Singular; adjective, just one person or thing.

‘Do you just have the one?’, an innocent enough question that never fails to make my eyes sting and my face do this thing where it feels like parts of it are paralysed while I compose myself to answer that, ‘Yes, I have just the one child’. I feel disappointed in myself that every time I respond I mirror the ‘just’, but know that for some reason dropping it would be just enough to give away the upset in my answer.

DSC01636one

Bean is by no means ‘just’; she is one, a complete, a whole. I have never heard anyone ask if someone has ‘Just the two?’.

My answer is normally followed by flippant questions along the lines of, ‘One enough to put you off then…?’, when the truth of it is I would give almost anything to have another child.

Having Bean was the event that took away my ability to have another one. I had no idea of the depth of the love I would feel for this little human until she arrived, and then two days later had the ability to feel that love for another baby taken away. I bled profusely and had my life saved by the removal of my uterus.

So it is not only the ‘just’ that makes my eyes sting almost five years later, it’s the inability to detach it from the trauma and loss that is the reason I have one child. It’s the fact the stinging in my eyes proceeds the image of my baby, fast asleep, being pushed out of the way in her cot as the crash team responded to me. It’s the way the increased frequency of my blinks to hold back the tears invariably coincides with an image of the bright theatre light directly above me that I looked at while totally convinced the strangers around me were the last people I would hear speak. I simultaneously wanted them to anaesthetise me, so they could try to make it all better, but also take me back to the people I loved so I didn’t feel alone. After a failed attempt to surgically stop the bleeding while preserving my uterus and copious amounts of blood being transfused through numerous lines, every part of my being thought my baby and I would not see each other again. Perhaps my prior working in the hospital I was now a patient in was not helping any potential for some blissful ignorance of the severity of the situation.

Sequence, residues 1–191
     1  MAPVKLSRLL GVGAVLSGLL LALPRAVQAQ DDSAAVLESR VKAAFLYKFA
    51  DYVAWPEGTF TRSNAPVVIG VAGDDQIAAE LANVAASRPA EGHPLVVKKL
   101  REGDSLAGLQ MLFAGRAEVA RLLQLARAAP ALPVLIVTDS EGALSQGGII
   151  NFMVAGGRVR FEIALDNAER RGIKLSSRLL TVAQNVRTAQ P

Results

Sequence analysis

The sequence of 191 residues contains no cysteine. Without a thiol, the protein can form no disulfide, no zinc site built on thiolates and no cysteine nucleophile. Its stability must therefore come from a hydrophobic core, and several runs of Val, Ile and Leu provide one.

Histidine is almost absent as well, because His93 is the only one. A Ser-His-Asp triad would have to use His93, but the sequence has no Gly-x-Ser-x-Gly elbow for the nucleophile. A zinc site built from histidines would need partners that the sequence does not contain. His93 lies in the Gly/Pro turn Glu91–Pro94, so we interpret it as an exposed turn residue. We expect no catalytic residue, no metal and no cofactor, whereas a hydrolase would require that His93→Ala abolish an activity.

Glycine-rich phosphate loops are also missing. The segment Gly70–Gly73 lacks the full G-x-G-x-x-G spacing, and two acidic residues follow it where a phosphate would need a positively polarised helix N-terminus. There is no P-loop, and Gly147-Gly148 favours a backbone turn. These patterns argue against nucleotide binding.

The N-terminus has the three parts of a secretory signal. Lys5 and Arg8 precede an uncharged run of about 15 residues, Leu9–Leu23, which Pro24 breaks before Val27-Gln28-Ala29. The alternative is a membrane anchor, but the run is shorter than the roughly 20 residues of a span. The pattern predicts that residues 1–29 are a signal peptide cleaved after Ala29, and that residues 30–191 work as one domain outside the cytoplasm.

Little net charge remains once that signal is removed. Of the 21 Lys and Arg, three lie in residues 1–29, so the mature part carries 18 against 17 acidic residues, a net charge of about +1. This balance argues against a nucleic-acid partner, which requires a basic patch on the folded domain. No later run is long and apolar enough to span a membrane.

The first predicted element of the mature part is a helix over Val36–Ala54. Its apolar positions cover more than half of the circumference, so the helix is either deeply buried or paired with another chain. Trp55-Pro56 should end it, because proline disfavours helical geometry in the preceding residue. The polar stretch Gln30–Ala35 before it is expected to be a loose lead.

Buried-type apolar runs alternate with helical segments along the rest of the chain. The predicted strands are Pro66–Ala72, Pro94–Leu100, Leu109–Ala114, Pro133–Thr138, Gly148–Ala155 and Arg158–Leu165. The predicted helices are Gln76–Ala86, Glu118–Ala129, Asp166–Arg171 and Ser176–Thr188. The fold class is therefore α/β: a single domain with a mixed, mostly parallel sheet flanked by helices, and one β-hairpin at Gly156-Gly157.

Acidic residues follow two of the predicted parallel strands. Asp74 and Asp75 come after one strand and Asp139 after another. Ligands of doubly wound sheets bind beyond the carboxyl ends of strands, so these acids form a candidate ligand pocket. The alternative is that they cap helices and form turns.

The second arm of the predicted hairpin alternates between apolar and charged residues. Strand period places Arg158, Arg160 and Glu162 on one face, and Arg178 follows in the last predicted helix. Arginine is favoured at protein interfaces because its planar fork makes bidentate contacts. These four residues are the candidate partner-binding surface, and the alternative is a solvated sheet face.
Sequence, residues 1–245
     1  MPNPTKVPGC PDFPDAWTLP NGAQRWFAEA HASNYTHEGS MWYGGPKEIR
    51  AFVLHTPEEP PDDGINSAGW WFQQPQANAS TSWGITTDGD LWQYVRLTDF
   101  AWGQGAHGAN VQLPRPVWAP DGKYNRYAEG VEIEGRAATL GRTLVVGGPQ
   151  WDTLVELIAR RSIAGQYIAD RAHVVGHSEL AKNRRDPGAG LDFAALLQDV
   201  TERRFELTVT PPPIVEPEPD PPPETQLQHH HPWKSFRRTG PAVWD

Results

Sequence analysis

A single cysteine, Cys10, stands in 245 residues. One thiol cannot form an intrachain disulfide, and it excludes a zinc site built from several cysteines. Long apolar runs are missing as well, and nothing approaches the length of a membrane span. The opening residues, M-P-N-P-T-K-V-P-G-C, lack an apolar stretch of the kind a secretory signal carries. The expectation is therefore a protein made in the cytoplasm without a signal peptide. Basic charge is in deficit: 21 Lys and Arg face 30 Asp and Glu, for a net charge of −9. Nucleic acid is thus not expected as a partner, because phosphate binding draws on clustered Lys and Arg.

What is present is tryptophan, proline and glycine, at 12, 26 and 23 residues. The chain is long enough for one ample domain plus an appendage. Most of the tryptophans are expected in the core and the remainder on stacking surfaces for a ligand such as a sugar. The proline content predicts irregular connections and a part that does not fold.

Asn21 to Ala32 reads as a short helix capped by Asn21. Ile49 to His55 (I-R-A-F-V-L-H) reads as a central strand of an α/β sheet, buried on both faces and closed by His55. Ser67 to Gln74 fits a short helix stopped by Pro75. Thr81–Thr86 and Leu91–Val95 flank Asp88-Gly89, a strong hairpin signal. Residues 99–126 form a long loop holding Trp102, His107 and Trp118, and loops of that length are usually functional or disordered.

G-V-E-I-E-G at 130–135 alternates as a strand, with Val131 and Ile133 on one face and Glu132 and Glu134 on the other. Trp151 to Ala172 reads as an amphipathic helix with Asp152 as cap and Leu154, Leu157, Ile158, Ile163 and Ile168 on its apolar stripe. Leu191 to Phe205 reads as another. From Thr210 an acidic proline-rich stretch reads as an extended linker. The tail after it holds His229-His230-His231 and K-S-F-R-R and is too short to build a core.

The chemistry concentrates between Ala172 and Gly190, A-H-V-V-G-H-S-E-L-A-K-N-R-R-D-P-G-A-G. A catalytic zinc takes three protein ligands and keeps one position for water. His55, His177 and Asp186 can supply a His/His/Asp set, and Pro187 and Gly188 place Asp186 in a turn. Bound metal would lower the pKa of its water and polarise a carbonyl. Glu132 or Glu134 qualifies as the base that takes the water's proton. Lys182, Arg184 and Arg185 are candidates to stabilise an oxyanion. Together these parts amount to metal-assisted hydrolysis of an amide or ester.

I had assumed that by now the various pre-cursers for the frozen stinging face would have stopped being associated with such vivid images, but it turns out some things do not appear to fade. I know now these images will cease as quickly as they flash before my eyes, but I do not think I can expect they will ever become more distant in my mind. They are just not like other memories; these ones seem like they are etched on the inside of my eyelids at times, stubbornly refusing to be blinked away.

They do however serve to remind me that I am very fortunate to be a part of my ‘just’ one’s life, and for that perhaps I should be grateful. I appreciate the new phases of her life in a way I would not be so acutely aware of as being the only time I will see them, and once I put the bittersweet in that aside I can see the positives.

My ‘just’ one often refers to her Grandmother’s Labrador as her brother, but maybe life is too short to worry about that. And maybe most dogs are better than most humans anyway.

Perhaps one day someone will carry a baby for me and perhaps I should be able to verbalise the truth of my feelings to people more easily so as to stop the stinging in its tracks, but until then I will focus on what there is to be grateful for.

Commonly used language may refer to Bean as ‘just’, but to me she is my complete.

img_0466-2

Advertisements

49 thoughts on “Singular; adjective, just one person or thing.

  1. This is brilliant Amy. I found it a really compelling read – your honesty is a little harrowing as you paint such a vivid picture of what must have been so terrifying. From all that you have shared about Bean, it is wholly apparent that she is could never be a ‘just’.

    People can be so thoughtless sometimes – and I have no idea why they need to comment about other people’s reproduction. I can assure you it works both ways – ‘Another one? That’s a bit greedy.’ I mean WTF all round!